Media outlets around the country are buzzing about the most recent decision in the “deflategate” saga, and I thought it would be helpful to give a quick description of what is actually happening on the legal side, and to compile the relevant documents in one place.
Originally, the NFL hired Ted Wells, a highly-accomplished New York white-collar lawyer, to investigate the allegations that the New England Patriots intentionally deflated footballs. This type of internal investigation is great for white-collar firms, as it requires a lot of manpower, and ultimately has an end: a report. On May 6, 2015, Mr. Wells produced a report titled “Investigative Report Concerning Footballs Used During the AFC Championship Game on January 18, 2015”…since that’s such a mouthful, I’ll go along with everyone else and call it “The Wells Report.” It concluded that it “is our view that it is more probable than not that Tom Brady was at least generally aware of the inappropriate activities of [the ‘deflators’] involving the release of air from Patriots game balls.”
The Patriots were fined $1 million and were forced to forfeit a 2016 first-round draft pick, and a 2017 fourth-round pick. The Patriots organization did not appeal that decision. In addition to the team penalty, Tom Brady was suspended from the first four games of the coming season. On May 14, the NFL Players Association (NFLPA) appealed Brady’s penalty by sending this letter to the NFL.
The appeal was heard by the Commissioner of the NFL himself, Roger Goodell. On June 23, 2015, Goodell heard 10 hours of testimony, and the appeal was concluded. On July 28, 2015, Goodell upheld the four-game suspension, finding that Tom Brady had asked an assistant to destroy his old cell phone.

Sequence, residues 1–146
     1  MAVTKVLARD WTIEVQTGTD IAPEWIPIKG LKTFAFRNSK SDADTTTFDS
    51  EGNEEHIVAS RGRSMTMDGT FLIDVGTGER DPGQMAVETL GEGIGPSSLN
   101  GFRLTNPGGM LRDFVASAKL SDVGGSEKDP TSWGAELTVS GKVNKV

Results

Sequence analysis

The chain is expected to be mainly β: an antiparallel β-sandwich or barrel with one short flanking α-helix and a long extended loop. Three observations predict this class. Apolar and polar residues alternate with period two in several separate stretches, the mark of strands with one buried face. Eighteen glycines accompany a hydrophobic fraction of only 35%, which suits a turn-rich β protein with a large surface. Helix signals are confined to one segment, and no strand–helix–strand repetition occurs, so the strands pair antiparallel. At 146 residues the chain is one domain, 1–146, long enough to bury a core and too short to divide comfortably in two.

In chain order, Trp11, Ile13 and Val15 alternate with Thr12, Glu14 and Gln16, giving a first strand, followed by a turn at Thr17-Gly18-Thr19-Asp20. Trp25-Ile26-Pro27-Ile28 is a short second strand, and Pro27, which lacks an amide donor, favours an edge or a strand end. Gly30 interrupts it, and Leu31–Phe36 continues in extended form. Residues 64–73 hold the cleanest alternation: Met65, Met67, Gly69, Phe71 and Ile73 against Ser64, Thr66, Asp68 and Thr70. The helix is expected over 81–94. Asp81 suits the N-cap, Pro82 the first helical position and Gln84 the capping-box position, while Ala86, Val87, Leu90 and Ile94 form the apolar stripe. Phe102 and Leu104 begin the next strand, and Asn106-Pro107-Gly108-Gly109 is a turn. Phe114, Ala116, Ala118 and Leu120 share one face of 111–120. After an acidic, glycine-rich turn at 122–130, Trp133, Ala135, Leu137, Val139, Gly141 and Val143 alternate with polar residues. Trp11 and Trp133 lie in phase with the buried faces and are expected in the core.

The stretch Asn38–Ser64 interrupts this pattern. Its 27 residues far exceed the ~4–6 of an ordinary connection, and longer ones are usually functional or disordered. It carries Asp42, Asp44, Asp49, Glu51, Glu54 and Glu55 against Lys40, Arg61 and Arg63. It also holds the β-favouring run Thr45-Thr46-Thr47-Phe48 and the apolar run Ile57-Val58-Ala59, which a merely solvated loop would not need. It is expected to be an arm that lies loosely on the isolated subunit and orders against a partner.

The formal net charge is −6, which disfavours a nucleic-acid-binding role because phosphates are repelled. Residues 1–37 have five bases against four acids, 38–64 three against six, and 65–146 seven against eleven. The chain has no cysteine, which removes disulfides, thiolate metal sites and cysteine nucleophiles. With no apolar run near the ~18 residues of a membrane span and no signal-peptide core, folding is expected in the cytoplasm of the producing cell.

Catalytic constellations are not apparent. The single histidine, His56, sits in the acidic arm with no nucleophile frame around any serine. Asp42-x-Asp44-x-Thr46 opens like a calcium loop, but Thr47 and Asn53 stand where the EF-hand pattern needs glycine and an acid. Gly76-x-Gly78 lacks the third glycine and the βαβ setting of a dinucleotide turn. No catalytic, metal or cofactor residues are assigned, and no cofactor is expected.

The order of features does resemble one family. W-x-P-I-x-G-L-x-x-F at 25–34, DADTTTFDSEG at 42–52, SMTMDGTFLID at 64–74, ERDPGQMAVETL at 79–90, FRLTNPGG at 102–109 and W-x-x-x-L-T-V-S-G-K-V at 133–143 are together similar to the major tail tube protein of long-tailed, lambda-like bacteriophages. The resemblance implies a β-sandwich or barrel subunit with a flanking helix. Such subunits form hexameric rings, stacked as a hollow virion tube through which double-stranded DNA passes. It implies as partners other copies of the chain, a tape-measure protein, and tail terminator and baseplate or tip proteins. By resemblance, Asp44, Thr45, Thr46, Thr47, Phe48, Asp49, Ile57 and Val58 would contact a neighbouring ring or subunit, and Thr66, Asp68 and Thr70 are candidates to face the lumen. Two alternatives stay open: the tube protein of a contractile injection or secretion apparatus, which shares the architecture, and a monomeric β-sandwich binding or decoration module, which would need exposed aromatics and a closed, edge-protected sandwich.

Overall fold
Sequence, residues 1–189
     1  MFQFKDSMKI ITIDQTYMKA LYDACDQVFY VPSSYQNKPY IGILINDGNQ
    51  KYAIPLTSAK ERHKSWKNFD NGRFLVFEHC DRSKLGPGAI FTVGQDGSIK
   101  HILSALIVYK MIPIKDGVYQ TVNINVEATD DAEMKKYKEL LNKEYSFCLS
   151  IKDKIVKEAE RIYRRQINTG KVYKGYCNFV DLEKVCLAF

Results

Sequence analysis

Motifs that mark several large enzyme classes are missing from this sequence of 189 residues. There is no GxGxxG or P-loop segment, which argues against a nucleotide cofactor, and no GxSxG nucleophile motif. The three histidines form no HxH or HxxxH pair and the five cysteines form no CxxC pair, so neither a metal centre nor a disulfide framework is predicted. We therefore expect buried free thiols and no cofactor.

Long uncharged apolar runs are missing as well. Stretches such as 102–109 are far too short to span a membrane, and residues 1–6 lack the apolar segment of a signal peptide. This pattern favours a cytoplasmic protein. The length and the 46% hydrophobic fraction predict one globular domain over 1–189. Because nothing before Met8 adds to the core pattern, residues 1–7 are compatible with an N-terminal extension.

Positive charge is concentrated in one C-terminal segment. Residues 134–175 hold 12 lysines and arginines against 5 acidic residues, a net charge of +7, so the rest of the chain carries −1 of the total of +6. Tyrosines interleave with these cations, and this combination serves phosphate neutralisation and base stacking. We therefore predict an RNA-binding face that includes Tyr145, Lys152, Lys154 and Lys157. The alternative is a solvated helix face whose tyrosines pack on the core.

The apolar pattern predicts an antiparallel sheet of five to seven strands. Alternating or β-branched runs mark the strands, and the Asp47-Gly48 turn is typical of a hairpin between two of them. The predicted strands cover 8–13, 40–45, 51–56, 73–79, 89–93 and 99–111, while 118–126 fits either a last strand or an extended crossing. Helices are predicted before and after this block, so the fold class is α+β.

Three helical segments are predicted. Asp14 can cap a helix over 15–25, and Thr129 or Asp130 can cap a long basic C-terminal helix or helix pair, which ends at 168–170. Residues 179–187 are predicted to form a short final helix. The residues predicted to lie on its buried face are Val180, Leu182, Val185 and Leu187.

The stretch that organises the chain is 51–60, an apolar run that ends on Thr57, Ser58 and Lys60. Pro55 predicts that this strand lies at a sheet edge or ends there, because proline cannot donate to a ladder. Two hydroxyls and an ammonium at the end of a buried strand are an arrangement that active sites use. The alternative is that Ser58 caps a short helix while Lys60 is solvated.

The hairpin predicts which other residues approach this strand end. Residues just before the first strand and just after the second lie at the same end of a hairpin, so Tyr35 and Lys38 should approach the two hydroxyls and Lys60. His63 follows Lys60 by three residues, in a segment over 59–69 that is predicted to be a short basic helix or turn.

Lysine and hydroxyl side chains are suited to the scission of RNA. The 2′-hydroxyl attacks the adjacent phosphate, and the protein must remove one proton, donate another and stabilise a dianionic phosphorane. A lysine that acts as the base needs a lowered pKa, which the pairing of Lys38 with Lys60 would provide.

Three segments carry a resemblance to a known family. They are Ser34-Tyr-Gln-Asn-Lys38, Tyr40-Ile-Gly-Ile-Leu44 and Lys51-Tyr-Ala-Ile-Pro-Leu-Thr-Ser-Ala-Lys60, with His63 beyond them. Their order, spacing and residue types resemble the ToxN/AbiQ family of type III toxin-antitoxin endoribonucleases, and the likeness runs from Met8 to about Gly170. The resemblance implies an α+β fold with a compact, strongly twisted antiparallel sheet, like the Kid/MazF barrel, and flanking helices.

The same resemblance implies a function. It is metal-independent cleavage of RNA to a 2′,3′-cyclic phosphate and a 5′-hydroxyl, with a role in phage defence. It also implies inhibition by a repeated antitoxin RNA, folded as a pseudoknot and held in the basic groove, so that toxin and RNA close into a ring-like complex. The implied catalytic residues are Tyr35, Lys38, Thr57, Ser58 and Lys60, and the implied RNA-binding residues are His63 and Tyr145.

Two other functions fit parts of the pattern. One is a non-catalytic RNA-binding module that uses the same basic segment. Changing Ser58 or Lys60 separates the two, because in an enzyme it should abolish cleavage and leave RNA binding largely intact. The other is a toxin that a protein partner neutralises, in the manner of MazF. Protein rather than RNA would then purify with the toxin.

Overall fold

Prior to publicly issuing the July 28, 2015 decision, the NFL preemptively filed a federal court action seeking to confirm Goodell’s decision. I couldn’t find it elsewhere, so here is the July 28 federal court action filed by the NFL.
So the NFL preemptively filed a suit to confirm the arbitration decision. The NFLPA has already made clear that it will appeal the decision.
A main purpose of arbitration clauses within Collective Bargaining Agreements ("CBA") is to avoid going to court. Basically, the parties agree that specific disputes will be resolved through arbitration, and as long as all the rules are followed, a court will not interfere. While federal courts don’t like to get involved, they can confirm an arbitration decision, which adds a layer of credibility and enforceability to an arbitrator’s decision. That’s what the NFL is trying to do.
The NFLPA will, at the very least, challenge the NFL’s confirmation action. In addition, the NFLPA could, and probably will, file a separate federal action, in a different court (I would suggest Massachusetts!). That action could ask a court to vacate the arbitration decision, alleging due process violations based on the following grounds:
- The NFL had no policy that applied to players;
- The NFL provided no notice of any such policy or potential discipline to players;
- The NFL resorted to a nebulous standard of "general awareness" to predicate a legally unjustified punishment;
- The NFL had no procedures in place until two days ago to test air pressure in footballs; and
- The NFL violated the plain meaning of the collective bargaining agreement.
If a Court agrees with the NFLPA, and finds that the NFL didn't follow the CBA or its own rules, it could vacate the decision which would effectively reverse the four game suspension.
The next steps will be for the NFLPA to answer the NFL’s complaint, and then either file a separate action, or counterclaim asking the Court to vacate the decision. I’ll try to update with links if anything happens!
[UPDATE: The NFLPA filed a Petition to Vacate in Minnesota - here's the filing.]